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Watch the Stunning Music Video for Burna Boy and DJDS' 'Thuggin/Darko'

This one's a must-see.

Last week, Burna Boy and American production duo DJDS dropped their joint EP Steel & Copper, a moody 4-track collection that saw the genre-bending artist showcasing his versatility atop gritty production.

Today, the artists share the joint music video for EP standouts "Thuggin/Darko," an emotive track that sees Burna Boy reflecting on those lost and grappling with the trials of a tough lifestyle. "This life done took my brothers, but I, I'm still thuggin' anyway," he sings over spacious strings and stuttering high-hats.


The video is packed with gripping imagery, beginning with melancholic black and white shots of Burna Boy caring for a motherly figure in his home before engaging in a street fight that turns deadly for one of the men involved.

Things get more colorful in the second half of the video, which shifts to that track "Darko" which sees the visual transform and take on a more upbeat tone. Dancers surround the young man with ethereal movements, almost as if they are his guardian angels taking him to a more promising afterlife.

The spiritual elements are apparent in the video, and it feels like a commentary on death and the delicacy of life.

The dream-like video was directed by Daniel Regan and features styling from Nigerian fashion photographer Stephen Tayo.

Burna Boy is the subject of YouTube's recent Artist Spotlight Stories, which documents his rise to fame, offering a more intimate look into the singer's life with commentary from people close to him, including his mother, OkayAfrica 100 Women honoree Bose Ogulu.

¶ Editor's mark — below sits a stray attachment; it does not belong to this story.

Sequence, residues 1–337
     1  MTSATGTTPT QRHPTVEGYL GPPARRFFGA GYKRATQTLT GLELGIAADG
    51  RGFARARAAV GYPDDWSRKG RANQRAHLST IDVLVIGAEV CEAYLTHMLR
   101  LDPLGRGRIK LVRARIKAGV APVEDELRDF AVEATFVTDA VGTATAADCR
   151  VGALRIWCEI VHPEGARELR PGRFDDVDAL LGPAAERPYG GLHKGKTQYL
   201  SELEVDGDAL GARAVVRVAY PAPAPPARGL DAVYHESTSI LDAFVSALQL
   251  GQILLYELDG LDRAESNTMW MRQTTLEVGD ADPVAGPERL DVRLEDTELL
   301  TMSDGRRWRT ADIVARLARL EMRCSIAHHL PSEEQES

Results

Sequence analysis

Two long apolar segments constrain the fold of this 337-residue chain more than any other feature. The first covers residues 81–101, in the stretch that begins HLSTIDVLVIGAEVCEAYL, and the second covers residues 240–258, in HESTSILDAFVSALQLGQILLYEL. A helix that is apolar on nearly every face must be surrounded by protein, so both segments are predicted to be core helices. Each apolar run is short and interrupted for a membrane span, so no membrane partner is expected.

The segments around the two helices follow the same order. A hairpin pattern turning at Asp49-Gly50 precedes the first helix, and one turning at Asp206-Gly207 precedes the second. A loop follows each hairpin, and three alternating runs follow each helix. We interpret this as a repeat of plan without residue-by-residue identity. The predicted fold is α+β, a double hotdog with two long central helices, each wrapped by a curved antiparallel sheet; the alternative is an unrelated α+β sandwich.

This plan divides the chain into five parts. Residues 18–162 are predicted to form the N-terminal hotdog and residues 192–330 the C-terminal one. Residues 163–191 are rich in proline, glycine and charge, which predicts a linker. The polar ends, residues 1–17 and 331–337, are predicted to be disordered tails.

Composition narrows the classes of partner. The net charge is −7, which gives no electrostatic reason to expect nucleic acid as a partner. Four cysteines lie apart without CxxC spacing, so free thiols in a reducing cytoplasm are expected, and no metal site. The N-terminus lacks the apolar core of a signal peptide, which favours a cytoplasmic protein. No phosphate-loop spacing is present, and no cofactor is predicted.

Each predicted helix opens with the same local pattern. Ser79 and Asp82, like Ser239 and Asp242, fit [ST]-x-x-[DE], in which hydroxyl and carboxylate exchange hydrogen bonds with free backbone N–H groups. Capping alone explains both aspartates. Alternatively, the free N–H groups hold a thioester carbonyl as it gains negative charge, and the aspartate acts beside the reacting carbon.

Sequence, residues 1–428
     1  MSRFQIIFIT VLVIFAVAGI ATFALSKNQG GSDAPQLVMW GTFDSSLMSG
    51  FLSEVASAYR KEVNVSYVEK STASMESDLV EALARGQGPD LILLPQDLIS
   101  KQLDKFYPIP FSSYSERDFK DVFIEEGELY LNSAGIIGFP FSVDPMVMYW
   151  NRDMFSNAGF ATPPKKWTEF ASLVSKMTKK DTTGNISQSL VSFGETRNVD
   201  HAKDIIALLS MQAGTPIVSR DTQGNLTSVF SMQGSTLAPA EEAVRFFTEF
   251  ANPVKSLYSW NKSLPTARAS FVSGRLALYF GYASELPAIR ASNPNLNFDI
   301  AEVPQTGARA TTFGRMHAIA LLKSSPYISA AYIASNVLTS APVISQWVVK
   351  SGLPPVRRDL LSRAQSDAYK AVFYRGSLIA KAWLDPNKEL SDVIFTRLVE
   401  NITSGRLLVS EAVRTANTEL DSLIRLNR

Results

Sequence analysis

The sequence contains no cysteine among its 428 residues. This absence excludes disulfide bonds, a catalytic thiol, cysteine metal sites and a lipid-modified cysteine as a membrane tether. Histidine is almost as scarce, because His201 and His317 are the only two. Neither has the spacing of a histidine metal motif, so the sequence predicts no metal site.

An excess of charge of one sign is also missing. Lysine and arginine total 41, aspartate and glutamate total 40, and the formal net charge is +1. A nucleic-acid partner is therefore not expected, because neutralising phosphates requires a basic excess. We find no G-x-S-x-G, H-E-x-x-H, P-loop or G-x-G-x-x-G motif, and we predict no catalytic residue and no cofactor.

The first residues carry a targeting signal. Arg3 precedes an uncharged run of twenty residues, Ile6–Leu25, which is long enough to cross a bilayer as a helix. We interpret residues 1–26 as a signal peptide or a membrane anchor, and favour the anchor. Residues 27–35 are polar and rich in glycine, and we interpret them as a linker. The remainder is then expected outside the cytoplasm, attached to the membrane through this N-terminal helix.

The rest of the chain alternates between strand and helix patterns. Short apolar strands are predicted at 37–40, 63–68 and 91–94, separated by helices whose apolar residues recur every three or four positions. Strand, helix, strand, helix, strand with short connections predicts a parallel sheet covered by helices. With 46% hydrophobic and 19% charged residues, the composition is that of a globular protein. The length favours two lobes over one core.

Watch the music video for "Thuggin/Darko" below.

Burna Boy x DJDS - Thuggin / Darko (Official Music Video) www.youtube.com


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Photo: Aisha Asamany

How Relocating to Ghana Helped Reinvigorate Jewelry Designer Aisha Asamany's Work

Moving to Ghana gave Aisha Asamany's luxury jewelry brand, inspired by Adinkra symbols that traditionally project strength, fearlessness, love and power, renewed verve to tell personal stories of her growing clientele.

In 2019, the government of Ghana made a global splash with its Year of Return initiative – the campaign sought to encourage the African diaspora to return home to the continent, specifically to Ghana.

Linked to the 400th year commemoration of the first recorded landing of slaves in the United States, it became a launchpad for the Ghanaian government to convince Black people around the world to permanently settle in the West African country.

Aisha Asamany, a corporate management consultant for high-profile UK financial institutions turned self-taught luxury jewelry designer was one of many who heeded the call, trading in the corporate life for a spiritual and an entrepreneurial journey – one of joy, appreciation, and representation in her fatherland.

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